Business jet sales have not taken off with soaring corporate profitsBy ALLISON LAMPERT
October 10. 2017 8:23PM
LAS VEGAS — Two quarters of soaring U.S. corporate profits have not yet produced the "Trump bump" in orders for new business jets that some industry executives had been hoping for, analysts said as a major business aviation gathering opened on Tuesday.
A hefty supply of used aircraft has limited demand for new jets, forecasters said. Deliveries of new planes are seen staying flat until 2019 even though profits on the S&P 500 have grown at a double-digit rate over the last two quarters.
Record corporate profits are "a necessary condition for greater new business jet deliveries, but not sufficient," said Gaetan Handfield, senior manager, market research for the aerospace division of parts supplier Honeywell International Inc.
While the supply of preowned corporate jets is declining, prices have not recovered, said Handfield, who expects annual growth of 3 to 4 percent in business jet sales between 2019-2027, in line with global GDP growth.
Handfield noted the growing importance of international markets. The United States now accounts for just 60 percent of new business jet deliveries, down from 75 percent in the early 1990s, he said.
Honeywell forecast on Sunday that business jet deliveries would pick up in 2019 after declining by about 30 aircraft this year.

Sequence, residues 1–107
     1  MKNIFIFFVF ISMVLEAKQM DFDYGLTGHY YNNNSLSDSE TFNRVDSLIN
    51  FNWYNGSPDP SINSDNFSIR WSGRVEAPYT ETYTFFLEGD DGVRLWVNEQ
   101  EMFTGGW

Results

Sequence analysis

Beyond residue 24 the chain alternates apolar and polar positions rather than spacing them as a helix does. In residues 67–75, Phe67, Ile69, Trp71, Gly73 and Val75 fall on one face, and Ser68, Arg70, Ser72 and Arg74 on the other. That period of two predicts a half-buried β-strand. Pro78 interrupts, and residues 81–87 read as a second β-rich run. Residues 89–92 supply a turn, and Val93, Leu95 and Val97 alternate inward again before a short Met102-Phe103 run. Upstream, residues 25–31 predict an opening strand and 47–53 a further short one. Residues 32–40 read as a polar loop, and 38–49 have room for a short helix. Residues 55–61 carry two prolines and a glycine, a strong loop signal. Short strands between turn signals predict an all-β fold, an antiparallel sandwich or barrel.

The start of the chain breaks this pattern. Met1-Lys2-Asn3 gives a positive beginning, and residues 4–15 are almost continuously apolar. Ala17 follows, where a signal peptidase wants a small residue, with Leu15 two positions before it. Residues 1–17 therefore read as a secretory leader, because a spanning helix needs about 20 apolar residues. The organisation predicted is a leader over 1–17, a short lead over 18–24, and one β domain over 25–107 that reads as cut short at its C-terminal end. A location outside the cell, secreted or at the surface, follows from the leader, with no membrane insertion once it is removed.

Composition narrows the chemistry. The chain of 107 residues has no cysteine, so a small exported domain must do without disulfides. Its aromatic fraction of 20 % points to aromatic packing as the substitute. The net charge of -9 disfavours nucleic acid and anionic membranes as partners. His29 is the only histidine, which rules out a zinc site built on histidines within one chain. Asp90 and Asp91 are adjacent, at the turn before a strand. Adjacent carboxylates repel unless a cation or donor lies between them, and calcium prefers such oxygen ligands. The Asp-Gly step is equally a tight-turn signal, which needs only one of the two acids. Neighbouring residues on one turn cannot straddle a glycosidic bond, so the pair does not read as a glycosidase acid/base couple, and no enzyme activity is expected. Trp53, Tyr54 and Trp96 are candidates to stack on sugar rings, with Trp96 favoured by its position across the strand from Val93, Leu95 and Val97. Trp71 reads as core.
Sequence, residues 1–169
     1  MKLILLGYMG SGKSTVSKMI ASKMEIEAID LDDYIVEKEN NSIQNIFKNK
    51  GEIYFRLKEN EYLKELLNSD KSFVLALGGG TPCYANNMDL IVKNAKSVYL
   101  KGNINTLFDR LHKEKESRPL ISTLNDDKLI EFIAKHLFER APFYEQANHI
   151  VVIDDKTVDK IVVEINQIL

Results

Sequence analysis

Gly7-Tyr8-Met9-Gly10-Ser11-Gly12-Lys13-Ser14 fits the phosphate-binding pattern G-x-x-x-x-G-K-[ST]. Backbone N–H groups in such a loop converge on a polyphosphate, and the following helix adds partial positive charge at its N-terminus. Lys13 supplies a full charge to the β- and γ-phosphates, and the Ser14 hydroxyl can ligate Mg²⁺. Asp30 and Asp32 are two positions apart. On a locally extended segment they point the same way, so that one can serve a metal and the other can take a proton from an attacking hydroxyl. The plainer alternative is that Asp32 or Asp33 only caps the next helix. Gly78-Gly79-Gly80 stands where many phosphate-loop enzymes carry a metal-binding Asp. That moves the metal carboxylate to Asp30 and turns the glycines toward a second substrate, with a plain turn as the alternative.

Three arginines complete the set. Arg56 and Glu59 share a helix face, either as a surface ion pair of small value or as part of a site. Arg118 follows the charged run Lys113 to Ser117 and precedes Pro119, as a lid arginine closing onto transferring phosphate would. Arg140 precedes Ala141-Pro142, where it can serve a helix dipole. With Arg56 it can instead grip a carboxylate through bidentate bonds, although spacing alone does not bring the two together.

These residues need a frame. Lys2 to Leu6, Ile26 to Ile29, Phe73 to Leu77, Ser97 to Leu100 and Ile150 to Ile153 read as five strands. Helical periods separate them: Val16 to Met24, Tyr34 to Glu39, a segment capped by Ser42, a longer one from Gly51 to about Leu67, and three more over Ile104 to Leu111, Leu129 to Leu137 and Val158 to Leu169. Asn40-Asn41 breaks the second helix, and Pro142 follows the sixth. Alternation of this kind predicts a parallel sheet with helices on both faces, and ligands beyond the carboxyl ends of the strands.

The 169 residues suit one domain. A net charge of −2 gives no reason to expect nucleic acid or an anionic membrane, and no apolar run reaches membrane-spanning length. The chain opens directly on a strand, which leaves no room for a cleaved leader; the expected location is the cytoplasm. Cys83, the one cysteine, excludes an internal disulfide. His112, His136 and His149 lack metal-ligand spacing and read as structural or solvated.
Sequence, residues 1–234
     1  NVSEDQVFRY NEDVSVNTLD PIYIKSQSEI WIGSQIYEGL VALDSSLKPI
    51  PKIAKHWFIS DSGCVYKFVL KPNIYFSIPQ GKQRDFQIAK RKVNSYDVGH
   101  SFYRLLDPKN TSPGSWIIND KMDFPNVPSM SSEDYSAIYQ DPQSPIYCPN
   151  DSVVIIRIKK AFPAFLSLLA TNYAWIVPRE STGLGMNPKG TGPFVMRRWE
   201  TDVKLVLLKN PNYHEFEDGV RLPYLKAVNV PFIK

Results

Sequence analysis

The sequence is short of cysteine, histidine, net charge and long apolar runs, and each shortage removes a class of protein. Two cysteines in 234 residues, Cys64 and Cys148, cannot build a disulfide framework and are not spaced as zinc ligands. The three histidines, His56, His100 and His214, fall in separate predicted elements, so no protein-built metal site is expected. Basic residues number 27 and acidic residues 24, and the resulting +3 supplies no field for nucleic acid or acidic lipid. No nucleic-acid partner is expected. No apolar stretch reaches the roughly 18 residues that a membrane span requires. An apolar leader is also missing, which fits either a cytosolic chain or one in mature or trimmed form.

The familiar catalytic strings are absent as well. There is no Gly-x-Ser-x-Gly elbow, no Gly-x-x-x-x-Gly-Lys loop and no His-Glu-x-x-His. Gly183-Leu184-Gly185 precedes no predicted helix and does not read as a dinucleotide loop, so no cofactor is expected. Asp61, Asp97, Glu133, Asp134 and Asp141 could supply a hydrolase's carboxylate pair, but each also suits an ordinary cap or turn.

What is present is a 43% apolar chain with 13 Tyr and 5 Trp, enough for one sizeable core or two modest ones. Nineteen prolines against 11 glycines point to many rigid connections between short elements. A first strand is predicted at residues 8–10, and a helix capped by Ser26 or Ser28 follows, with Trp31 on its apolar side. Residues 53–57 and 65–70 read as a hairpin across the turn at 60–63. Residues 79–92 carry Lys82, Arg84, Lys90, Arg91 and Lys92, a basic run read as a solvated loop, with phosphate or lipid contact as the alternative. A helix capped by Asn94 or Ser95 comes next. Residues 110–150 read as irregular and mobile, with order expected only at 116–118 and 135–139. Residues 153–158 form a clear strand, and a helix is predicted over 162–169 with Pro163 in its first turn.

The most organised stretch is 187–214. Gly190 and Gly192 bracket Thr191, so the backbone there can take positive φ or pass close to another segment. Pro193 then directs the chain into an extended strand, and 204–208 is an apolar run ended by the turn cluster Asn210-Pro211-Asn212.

Manufacturers had hoped business jet sales would take off with the election of President Donald Trump, a jet setting Republican billionaire who promised tax cuts for corporations. Instead, private planes have come under fire in some quarters as a sign of excess.
Tom Price, Trump's health and human services secretary, resigned after taking private flights, and General Electric Co. is reportedly shutting its corporate jet fleet to cut costs.
The National Business Aviation Association's convention opened in Las Vegas under heightened security, with bag and identity checks required following the mass shooting this month.
Brad Nolen, vice president, marketing for business aircraft at Canada's Bombardier Inc. said he has not seen a backlash over corporate jet use. He noted that the inventory of pre-owned business jets soared as high as 18 percent following the financial crisis.
"If you saw almost one in five houses for sale it would not be a good time to be selling," he said. "So today it's more like one in 10 which is a much more natural, much more healthy number."
Bombardier is building 135 business jets this year, after scaling back in previous years, he said. The industry is seeing some uptick in orders, but that has not yet translated into a bump in deliveries.
"We're seeing orders steadily rise, but not to the point where manufacturers have yet decided to increase production," Nolen said.